There seems to be a difference of opinion on here as to how easy the job is. I've never done one on a Spridget, but I did do it on MK1 Ford Transit and I found it quite difficult to get the preload right, so I'm torn between doing it or to just keep topping up the oil.
Any ideas and advice gratefully accepted.
|a.o. The "bucking" you mention could be caused by having a too weak carb return spring and when travelling over uneven roads your foot is being made to move about slightly by the movement of the car over undulations in the road causing the thottle to also move. It may not be this, but it's worth checking.|
changing the front seal is easy to do, but like you said, getting the preload right is not possible to be sure about unless you do it on a workbench and measure it.
Theoretically, if you mark the nut location, and count the number of turns, and you re-install the input flange on the same pinion tooth (so your nut location mark will be any use), and then re-tighten the nut to just the same as it came from, then you ought to be pretty close.
But, what I found on the workbench, with a 6 ~ 15 in-lb torque wrench checking the pinion preload, the difference between zero, and way over the 12 in-lb target is only a few degrees of nut rotation. The tolerance in the manual is only +/- 1 in-lb!
Granted, that tolerance is meant for production parts that are expected to last for the life of the car, rather than an enthusiast's car that might only be driven a few 1000 miles each year, and who might tolerate rather more differential noise than an OEM customer would have, so you might be fine.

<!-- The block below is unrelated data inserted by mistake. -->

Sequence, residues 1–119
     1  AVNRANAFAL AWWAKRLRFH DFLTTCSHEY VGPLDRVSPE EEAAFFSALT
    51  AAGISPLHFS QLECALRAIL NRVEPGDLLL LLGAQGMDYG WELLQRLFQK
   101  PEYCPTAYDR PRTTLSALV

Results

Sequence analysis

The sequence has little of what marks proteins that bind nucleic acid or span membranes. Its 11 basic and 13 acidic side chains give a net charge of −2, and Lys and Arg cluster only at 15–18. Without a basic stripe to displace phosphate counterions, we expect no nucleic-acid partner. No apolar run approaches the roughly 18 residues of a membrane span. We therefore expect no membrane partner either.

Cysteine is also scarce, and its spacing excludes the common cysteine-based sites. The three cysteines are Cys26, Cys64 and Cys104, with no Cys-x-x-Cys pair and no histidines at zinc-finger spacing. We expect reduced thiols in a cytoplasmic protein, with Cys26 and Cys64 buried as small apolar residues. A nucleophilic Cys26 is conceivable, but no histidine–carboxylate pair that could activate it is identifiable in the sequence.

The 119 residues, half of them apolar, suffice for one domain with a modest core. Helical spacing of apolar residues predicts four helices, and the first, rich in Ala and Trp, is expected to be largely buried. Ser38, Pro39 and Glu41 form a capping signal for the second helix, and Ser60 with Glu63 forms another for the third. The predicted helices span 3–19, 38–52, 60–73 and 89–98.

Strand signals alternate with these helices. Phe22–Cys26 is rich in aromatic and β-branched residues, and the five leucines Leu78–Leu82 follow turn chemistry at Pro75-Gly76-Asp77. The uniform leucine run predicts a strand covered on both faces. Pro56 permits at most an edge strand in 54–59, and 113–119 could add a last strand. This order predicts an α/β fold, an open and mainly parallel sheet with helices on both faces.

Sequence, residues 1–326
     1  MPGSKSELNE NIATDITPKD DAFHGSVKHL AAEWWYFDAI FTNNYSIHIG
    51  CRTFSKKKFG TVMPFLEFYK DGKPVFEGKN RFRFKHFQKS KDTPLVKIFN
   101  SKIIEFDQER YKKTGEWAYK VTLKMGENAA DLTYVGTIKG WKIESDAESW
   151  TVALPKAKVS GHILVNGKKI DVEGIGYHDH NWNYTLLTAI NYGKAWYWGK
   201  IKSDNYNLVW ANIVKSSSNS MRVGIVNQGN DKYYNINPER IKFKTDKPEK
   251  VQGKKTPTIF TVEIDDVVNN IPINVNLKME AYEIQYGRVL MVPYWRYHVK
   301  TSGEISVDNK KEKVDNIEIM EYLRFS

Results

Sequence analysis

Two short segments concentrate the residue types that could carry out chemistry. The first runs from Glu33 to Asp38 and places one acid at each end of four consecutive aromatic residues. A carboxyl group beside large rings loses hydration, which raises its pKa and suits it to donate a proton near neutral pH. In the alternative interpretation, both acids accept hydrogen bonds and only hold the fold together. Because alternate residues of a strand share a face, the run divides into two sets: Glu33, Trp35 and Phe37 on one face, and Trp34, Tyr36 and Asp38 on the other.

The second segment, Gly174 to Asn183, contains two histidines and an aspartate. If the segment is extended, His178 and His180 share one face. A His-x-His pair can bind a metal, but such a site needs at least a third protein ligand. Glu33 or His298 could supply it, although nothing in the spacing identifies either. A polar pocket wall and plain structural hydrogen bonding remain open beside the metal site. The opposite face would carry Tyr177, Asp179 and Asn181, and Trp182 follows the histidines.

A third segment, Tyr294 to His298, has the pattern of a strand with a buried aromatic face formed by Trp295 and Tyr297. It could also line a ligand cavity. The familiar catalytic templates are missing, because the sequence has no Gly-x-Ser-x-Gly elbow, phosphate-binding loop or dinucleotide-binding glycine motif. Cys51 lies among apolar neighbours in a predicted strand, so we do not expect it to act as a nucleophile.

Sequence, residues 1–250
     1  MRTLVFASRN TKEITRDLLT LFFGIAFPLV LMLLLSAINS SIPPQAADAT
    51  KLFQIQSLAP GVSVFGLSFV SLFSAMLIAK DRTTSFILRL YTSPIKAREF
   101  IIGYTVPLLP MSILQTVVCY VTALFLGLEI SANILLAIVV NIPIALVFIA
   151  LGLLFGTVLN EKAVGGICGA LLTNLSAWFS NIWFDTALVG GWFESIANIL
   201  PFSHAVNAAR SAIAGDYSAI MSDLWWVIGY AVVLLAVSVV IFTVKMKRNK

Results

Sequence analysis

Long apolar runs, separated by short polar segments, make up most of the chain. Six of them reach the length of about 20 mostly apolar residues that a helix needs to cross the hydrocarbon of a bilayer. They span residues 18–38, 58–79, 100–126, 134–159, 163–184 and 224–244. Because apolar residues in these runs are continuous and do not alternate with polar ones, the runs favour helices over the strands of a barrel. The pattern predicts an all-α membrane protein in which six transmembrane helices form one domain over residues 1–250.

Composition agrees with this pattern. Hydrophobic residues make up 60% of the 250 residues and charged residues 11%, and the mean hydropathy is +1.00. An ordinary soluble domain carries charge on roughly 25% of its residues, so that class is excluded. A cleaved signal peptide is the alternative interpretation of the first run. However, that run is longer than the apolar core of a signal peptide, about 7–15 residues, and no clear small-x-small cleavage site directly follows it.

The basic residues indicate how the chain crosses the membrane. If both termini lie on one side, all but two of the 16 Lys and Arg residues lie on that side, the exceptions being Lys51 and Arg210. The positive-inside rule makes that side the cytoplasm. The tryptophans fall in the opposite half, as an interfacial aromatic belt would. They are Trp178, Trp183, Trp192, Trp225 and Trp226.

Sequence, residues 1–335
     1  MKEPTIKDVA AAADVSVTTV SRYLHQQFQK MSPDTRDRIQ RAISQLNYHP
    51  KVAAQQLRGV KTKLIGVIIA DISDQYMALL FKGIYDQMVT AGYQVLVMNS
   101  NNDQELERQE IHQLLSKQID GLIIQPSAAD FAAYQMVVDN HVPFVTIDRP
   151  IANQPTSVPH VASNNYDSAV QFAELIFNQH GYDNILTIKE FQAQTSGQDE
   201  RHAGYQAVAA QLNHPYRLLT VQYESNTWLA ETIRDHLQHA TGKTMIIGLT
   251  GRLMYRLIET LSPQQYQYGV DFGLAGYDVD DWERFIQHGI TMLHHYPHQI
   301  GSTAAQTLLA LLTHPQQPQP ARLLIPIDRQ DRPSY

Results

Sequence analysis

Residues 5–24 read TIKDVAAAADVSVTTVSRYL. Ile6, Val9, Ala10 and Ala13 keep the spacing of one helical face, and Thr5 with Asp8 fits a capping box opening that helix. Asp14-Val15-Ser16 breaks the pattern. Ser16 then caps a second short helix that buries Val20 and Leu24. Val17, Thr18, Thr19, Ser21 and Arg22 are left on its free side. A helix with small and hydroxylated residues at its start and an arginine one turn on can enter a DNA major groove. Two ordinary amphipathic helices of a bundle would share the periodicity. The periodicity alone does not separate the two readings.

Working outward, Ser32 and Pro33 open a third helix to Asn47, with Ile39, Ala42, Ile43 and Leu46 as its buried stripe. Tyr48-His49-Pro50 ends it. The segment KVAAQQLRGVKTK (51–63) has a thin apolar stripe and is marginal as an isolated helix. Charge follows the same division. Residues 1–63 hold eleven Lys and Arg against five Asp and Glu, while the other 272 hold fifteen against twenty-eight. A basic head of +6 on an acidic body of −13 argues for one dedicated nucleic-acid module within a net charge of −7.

Let's say, it has been done (replacing the seal in place), and some have had no problems from doing it. In my case, I tried it and toasted my pinion bearings in about 20k miles (the noise began much earlier, but it took a while to decide that was what it was). My experience is surely worst case, as I had torqued the nut to 140 ft-lbs because I did not think of the "mark the nut" idea until later!
Norm "noisy rear end" Kerr
|Arnold, the behaviour mentioned sounds like what I have experienced with a very worn uni joint in a tailshaft (not in the Midget, but regardless), but I guess maybe it could also be caused by excessive backlash (play) in the diff gears? I don't know, you would have to go off others experience. I would have thought the diff would be VERY noisy though if the gears had that much play. Determine where the play is and you will find your problem.|
The problem I had was 'clonking' when getting on and off the accelerator as the play due to the worn uni joints took up. It caused what could be described as a 'bucking' through the car as you say.
|Thanks Norm. I'll keep topping it up until winter, then I'll maybe take it out and do it on the bench. I'd better go and check it right now as we hsve a run tomorrow (Saturday).|
This thread was discussed between 10/06/2011 and 17/06/2011
This thread is from the archive. The Live MG Midget and Sprite Technical BBS is active now.